The best part? It was so easy. After making the butter rub, all I had to do was get my fingers under the skin and rub ½ of the spread into the flesh. The other half of the spread was patted all over the outside of the bird on top of the skin. Then to fully dress - or should I say mummify - the turkey, I wrapped the entire thing in slices of prosciutto. 2 whole lemons cut in half baked in the cavity with 4 sprigs of rosemary and a whole large onion quartered. The prosciutto crisped on the outside and locked in the juices making the meat very succulent, even the white parts. The gravy from the drippings was decadent with a nutty herb flavor rising to the surface from the hazelnut and sage.

Is your mouth watering? It should be; it was absolutely phenomenal. It was without a doubt the best turkey I’ve ever tasted and it did come with the rave reviews I was hoping for. Christmas is coming soon and many of you will be adorning your table with another turkey for the holiday. I encourage you to “Tuxedo your Turkey” and give your guests a luscious treat with this Prosciutto-Hazelnut Crusted Turkey on Christmas day.

Truly & tastefully,

Prosciutto-Hazelnut Crusted Turkey (a.k.a. Tuxedo Turkey Recipe)

- 3 sticks of softened butter
- 2 tbs. chopped sage
- 1 lb. prosciutto - half chopped, half in medium thickness slices
- 1/3 cup finely chopped hazelnuts
- 2 large shallots finely chopped
- 5 cloves minced garlic
- 1 ½ tbs. white wine vinegar
- 2 tsp. of ground pepper
- ¾ tsp. kosher salt
- 4 sprigs of rosemary
- 2 whole lemons, halved
- 32- 48 oz. chicken broth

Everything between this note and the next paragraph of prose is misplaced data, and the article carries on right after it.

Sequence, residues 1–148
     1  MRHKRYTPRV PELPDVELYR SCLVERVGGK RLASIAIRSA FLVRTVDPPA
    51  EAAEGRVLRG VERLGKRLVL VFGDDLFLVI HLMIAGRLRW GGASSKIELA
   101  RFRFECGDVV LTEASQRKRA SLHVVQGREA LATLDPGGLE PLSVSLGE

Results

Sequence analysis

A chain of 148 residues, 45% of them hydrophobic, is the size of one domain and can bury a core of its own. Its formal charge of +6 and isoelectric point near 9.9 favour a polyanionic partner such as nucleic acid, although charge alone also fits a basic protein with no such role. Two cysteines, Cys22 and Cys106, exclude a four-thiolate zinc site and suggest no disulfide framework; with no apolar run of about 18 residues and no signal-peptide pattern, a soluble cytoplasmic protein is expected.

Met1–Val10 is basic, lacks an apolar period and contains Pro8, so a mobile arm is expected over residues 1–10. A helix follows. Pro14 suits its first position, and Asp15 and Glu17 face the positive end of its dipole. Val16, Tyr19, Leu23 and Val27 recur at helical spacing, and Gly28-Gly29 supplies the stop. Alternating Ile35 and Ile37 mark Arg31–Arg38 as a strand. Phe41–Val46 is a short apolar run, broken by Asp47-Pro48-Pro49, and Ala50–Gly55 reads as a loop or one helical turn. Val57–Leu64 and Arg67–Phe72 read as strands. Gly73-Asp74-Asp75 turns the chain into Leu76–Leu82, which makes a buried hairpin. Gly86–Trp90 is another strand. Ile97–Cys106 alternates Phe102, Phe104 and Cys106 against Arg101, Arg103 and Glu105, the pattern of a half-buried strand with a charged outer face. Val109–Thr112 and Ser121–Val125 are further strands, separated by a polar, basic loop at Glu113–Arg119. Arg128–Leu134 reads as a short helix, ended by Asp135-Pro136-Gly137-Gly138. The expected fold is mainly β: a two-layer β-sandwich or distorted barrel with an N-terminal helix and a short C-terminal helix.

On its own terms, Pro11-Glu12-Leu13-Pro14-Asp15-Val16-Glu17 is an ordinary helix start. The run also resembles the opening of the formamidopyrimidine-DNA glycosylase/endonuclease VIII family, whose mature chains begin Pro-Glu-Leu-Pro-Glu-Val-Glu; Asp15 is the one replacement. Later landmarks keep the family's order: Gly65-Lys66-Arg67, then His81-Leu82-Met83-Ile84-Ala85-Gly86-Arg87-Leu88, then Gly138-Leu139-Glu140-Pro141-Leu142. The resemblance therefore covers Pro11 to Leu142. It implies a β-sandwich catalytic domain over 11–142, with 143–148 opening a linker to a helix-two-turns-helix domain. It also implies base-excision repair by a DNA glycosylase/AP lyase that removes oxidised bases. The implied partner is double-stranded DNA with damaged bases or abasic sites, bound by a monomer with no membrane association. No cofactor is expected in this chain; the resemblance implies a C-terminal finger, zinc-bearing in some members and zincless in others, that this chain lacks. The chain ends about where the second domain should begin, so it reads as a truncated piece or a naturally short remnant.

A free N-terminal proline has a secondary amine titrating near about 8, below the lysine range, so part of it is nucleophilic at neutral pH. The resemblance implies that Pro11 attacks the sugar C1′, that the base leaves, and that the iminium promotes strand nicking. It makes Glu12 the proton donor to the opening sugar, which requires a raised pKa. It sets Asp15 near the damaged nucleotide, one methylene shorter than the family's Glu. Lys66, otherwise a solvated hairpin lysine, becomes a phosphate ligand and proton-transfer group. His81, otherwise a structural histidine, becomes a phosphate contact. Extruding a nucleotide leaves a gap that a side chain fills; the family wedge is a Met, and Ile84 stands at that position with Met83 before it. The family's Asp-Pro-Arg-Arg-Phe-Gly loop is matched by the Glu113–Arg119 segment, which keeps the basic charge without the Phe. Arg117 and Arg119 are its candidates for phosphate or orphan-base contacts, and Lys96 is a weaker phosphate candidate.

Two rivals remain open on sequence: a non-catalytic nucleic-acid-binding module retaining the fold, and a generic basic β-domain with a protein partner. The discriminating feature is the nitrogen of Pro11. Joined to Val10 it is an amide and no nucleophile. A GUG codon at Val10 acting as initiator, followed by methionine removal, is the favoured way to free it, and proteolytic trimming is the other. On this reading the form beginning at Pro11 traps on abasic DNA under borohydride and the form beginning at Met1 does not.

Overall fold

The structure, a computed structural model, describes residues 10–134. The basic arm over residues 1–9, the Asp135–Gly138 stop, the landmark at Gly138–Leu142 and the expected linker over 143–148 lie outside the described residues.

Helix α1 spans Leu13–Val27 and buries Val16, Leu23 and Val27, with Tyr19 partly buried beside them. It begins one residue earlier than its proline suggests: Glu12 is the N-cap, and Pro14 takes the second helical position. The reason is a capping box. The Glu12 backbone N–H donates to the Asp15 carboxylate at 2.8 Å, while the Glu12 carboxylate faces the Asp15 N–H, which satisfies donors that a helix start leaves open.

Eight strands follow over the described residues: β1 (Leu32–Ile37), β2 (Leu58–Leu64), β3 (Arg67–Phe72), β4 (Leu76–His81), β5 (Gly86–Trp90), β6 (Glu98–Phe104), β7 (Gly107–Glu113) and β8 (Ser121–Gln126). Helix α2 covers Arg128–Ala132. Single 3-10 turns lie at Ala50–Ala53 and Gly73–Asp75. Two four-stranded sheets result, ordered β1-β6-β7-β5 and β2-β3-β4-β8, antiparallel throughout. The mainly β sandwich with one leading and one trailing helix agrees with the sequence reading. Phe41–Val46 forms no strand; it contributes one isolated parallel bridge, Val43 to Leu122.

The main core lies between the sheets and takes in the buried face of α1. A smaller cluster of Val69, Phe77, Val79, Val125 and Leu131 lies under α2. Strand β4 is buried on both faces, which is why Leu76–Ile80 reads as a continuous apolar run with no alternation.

- 1 large cooking onion, quartered

Turkey Prep:
For the butter spread mix softened butter sticks, sage, hazelnuts, garlic, shallots, vinegar, ½ lb. chopped prosciutto, salt, pepper in a bowl. Set aside ¼ cup of the butter rub for the gravy. On your washed and patted dry turkey, start at the neck and slide hand under the skin to loosen the skin from the breast, thighs and legs. Once loose, take ½ of the butter rub that was not set aside and slide it under the skin and into the flesh, this will make the skin look lumpy underneath. The other ½ should be patted onto the skin on the outside. Next wrap the whole turkey with the ½ lb of prosciutto slices. Place halved lemons, sprigs of rosemary, and quartered onion in the turkey cavity.
Set turkey on a rack in a roasting pan and pour 4 cups of chicken broth in the bottom of the pan. Turkey should be placed in preheated oven of 350 degrees and should be cooked for the first hour and a half uncovered. After an hour and a half tent foil over the turkey and secure the foil on the sides of the roasting pan. Cook turkey the remaining time needed for the size of your bird. Baste the bird about every hour until cooking is complete, always remembering to replace the foil after basting. Add more chicken broth to the bottom of the pan if necessary. Once meat thermometer registers 175 degrees in the thickest part of the thigh, the turkey is done. Remove the turkey from the oven, place on a cutting board, peel off crispy prosciutto and place aside, re-tent turkey with foil and let it rest for ½ hour. Then carve and serve!

Place roasting pan with the turkey drippings over two burners of stove, over low heat. Chop up the crispy prosciutto from the outside of the turkey and add it to the pan drippings along with the ¼ cup of butter spread you reserved. Whisk three tablespoons of flour into ½ cup of chicken broth to create a thick smooth liquid. Slowly stir the thick liquid into the roasting pan to start to thicken the juices into gravy. Whisking the flour before adding it prevents lumpy gravy. Add a tablespoon or two of Kitchen Bouquet to the gravy and season with more salt and pepper as needed. If you don’t have enough gravy, you can always add more chicken broth and throw in some more chopped sage for flavor. If 3 tablespoons of flour isn’t enough to thicken the gravy, repeat the whisking process until you have achieved the perfect constancy.

Thursday, December 2, 2010

Pumpkin Ravioli with Sage Brown Butter: The Easy Way